Getting payment from your customers is among the most important processes in your business. If your payment process is cumbersome and slow, then you risk alienating your customers – or, at the very least, making them less likely to make purchases in future. Not only can this affect your reputation with that direct customer, but they are far less likely to recommend your business to their friends and family. By simplifying your process, you’ll build trust with your customers, create customer retention and help to curate a positive reputation for yourselves and reduce churn.
So how can we streamline our payment systems, and make them work for us and our customers, rather than against us? Let’s take a look at a few crucial steps.
Keeping detailed accounts
The more you know about your customers, the more easily you’ll be able to direct them when they come to make a payment. Being able to give customers the correct, detailed information about their payments will also help increase your customer satisfaction levels.
Detailed accounts serve a number of other important functions, too. They allow you to more easily track and chase up debtors, and avoid the penalties associated with late payments of your tax bill.
Simplify the user experience
Customers don’t want to be directed through a labyrinth of strange pages on their way to checkout. Outside sites like PayPal can play a role in your checkout process, but they can be disorienting for new customers.
The fewer clicks involved in your checkout, the better. This is where retaining your customer’s data can prove useful. After all, no-one wants to have to input their name and address every time they check out – especially if you’re making the same purchase repeatedly. If you plan on offering to store customer data, make sure you have a clearly laid out data protection policy that they can access as well as encrypting information to protect against data breaches.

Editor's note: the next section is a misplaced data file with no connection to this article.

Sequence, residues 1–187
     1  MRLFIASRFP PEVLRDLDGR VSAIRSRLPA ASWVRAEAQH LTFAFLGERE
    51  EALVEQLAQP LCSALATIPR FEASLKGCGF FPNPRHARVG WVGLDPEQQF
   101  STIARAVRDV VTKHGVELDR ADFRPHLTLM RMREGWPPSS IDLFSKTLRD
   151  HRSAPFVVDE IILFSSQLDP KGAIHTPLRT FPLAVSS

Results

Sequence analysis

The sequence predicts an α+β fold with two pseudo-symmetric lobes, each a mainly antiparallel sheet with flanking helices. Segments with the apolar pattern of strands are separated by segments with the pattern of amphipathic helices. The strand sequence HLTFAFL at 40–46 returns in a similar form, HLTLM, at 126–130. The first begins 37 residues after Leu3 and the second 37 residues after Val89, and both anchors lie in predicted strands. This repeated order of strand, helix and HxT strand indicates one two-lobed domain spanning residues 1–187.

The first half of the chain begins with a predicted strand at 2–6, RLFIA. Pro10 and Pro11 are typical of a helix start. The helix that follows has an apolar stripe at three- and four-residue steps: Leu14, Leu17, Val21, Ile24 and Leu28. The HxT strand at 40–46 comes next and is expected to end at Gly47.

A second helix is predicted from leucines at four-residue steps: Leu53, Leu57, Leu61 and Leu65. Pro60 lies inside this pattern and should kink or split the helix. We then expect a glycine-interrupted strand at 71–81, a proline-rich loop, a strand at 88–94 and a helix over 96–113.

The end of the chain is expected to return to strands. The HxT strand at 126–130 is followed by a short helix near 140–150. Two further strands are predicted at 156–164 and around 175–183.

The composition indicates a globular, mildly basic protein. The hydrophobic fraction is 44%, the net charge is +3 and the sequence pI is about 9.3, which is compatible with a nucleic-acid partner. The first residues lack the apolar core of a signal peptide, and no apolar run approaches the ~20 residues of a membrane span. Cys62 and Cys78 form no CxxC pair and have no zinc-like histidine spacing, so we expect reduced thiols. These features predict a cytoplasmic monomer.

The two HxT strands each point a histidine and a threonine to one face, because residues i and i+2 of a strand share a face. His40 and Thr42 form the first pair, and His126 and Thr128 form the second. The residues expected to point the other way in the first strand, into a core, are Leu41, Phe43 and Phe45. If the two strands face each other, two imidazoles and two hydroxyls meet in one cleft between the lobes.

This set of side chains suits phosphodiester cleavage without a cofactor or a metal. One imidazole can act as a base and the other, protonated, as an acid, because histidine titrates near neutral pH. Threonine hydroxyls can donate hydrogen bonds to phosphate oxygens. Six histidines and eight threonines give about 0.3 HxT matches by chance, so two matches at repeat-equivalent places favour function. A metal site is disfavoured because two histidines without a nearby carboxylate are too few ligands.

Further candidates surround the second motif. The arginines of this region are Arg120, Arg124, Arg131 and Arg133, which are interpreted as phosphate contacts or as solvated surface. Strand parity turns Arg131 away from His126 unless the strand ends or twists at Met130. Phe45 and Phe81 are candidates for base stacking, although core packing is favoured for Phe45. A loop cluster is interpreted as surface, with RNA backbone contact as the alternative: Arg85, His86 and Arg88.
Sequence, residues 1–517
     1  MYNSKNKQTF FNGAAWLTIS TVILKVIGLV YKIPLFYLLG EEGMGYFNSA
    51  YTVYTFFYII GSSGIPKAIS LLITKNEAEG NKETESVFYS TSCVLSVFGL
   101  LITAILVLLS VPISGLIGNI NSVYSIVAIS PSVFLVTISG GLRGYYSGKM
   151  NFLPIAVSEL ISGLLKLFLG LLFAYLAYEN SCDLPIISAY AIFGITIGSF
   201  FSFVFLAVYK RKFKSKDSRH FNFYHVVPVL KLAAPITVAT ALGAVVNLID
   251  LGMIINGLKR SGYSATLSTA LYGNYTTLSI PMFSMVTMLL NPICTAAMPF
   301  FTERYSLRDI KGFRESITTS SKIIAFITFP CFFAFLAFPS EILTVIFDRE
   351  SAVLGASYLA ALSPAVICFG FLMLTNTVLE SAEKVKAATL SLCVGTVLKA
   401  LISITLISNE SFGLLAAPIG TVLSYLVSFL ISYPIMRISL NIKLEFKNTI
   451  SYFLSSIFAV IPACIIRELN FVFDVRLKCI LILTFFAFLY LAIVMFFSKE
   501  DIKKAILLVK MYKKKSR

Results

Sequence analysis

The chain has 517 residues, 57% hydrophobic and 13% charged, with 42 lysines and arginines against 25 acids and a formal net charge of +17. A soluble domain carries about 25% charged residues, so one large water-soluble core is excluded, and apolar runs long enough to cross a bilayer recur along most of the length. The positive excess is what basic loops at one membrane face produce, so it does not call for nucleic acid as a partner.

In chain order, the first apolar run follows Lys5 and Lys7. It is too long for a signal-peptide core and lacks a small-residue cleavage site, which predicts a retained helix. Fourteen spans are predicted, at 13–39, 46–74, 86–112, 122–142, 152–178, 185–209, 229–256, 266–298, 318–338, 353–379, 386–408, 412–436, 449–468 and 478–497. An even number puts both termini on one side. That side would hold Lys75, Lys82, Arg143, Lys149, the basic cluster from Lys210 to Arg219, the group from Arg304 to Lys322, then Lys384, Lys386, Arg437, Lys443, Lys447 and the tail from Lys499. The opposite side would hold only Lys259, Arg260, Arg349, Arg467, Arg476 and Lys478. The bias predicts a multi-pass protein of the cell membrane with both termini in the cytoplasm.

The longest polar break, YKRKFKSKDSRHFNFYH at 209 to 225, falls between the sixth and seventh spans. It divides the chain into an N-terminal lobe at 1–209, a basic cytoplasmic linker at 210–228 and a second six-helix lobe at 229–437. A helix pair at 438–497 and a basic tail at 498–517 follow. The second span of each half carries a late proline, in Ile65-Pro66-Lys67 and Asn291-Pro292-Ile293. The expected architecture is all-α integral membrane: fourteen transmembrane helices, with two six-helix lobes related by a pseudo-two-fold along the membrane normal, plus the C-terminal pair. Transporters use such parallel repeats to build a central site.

The few pages which are involved in your checkout should be clearly branded so that the customer feels reassured that they’re still in the right place. Customers are rightly worried about digital fraud, so any implicit reassurance you can provide is sure to be welcome.
Secure the system
Speaking of digital fraud, it’s vital that your payment system is secure against attack. If you’re exposed as substandard when it comes to security, you could suffer significant reputational (and legal) consequences. The best banking books suggest choosing an online payment platform with secure protocols and low inherent risk of breach.
Online payments are known as ‘card not present’ transactions. Processing credit card transactions without a physically-present piece of plastic provide a greater opportunity for fraud. Fraud books tend to suggest that a number of security checks are put in place. This includes encryption and tracking, of the kind provided by a quality open banking platform. That way, your customer is assured that their money is kept safe throughout the transaction.
For certain kinds of products or services which arrive at regular intervals, a subscription model makes sense. This model has the advantage of removing the hassle for customers and allowing them to make peace in the knowledge they have paid for and will receive their product or service every month, without having to do extra admin on their end. Payment is taken every month until the customers cancel it. This means a more consistent, predictable flow of income, among other things.